"A mental illness can affect your sleep. So depression can make sleep worse, but sleep can make and lead to depression and make some of those symptoms worse. So there's a certain percentage of Soldiers that if we just fix their sleep a lot of those problems will just go away. They'll be able to handle a little more stress, they'll have more patience and tolerance and not get as snippy and agitated with their co-workers and their spouses."
With such a drastic change of an Army tradition, people want to see results, which so far have been very positive. Before the switch, the brigade took a survey. Nine percent of Soldiers surveyed reported two to four hours of sleep on a regular workday, 30 percent reported four to five hours and only 5 percent were getting seven hours or more of sleep a night.
After two months on the new schedule another survey was taken that showed the number of Soldiers who reported two to four hours and four to five hours was almost cut in half. Meanwhile, those who said they slept seven or more hours more than tripled.
The Soldiers' responses have also been mostly positive. The younger Soldiers prefer the later PT while the older ones are split about 50/50 with more slightly for it than not.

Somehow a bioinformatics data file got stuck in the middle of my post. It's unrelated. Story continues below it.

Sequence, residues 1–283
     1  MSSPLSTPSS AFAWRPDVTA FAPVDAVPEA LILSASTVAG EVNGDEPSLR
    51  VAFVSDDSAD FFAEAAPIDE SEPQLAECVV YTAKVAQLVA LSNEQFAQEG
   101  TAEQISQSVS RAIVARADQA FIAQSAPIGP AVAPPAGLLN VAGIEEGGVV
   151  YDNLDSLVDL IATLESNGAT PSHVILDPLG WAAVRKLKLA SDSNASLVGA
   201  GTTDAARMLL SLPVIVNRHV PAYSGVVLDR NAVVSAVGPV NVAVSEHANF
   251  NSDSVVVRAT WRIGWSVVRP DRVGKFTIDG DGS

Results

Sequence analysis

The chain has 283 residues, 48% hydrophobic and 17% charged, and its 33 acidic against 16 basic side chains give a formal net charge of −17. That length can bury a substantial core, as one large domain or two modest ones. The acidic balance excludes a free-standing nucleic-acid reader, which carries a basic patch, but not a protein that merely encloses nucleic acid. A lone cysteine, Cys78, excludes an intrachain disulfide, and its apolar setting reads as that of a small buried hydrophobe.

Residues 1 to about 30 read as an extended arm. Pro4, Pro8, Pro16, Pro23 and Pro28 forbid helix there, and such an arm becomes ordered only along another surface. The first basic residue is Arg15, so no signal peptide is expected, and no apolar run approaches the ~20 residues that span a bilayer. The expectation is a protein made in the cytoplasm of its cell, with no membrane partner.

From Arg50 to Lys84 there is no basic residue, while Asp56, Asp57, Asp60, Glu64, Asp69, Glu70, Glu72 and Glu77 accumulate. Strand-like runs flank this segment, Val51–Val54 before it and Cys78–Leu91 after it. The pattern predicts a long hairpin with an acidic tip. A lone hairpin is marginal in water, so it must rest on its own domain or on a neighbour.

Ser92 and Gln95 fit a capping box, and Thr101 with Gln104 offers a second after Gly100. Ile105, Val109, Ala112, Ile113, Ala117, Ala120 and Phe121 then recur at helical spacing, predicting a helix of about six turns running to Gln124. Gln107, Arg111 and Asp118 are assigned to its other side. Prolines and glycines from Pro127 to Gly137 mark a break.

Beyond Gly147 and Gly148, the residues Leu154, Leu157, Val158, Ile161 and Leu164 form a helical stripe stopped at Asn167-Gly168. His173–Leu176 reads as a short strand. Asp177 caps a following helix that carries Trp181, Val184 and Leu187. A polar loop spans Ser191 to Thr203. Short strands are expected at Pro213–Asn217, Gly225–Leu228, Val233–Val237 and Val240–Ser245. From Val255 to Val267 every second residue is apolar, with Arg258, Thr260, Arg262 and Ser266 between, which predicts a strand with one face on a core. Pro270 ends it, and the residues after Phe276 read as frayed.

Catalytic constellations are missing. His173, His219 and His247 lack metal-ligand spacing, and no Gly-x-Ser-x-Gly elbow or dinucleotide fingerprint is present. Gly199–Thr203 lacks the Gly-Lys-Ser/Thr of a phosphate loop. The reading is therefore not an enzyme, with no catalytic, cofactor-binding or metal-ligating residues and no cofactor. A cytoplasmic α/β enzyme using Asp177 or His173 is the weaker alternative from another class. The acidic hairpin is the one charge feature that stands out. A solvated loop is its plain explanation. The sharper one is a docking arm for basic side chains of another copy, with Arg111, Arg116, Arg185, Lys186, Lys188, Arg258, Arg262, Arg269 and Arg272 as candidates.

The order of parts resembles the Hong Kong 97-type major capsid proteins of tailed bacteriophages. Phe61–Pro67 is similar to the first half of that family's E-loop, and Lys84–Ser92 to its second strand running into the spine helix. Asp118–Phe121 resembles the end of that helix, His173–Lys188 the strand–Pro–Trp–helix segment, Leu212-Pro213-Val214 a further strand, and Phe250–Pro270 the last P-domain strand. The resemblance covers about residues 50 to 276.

"I like it. I'm actually awake when I'm doing it. Most of the time I'm pretty groggy in the mornings so about halfway through it I'll be awake. I don't know why they switched it, but it works for me," said Sgt. Jason Coleman, 75th FiB Headquarters, Headquarters Battery.
"There are pros and cons to anything that you do. The pros are that Soldiers do get a little more sleep and the cons are you have to adjust your daily schedule to adjust for the change in PT as far as what you eat and drink during the day, so you're ready to actually do PT," said Capt. Aaron Thomas, Headquarters, Headquarters Battery, 1st Battalion, 17th Field Artillery.
"When I do hear people don't like it and I have the opportunity to explain why we did it, they seem to be a lot more empathetic and understanding of the project. So they still might not like it but they understand the views and the purpose of trying it," said Hultquist.
Harrington said it also allows them to work more effectively.
"What this does is force time management. You get a big block of time from 8 a.m. to noon and that's, according to every study, when you're freshest. You're more likely to learn, more likely to grow, mature and comprehend things."
The other upside, Harrington said, is less driving on and off post. And, Soldiers can work off the stress of the day in afternoon PT and go home more relaxed.
The brigade is switching back to the traditional PT schedule in April. This time the reason is the weather. Summer time temperatures in Oklahoma can create more problems than necessary and at that point, Hultquist said, it becomes more of a safety issue than sleep deprivation.
The 214th Fires Brigade also participated in the switch. They started just before Christmas and will have experienced about 90 days of the schedule before they change back.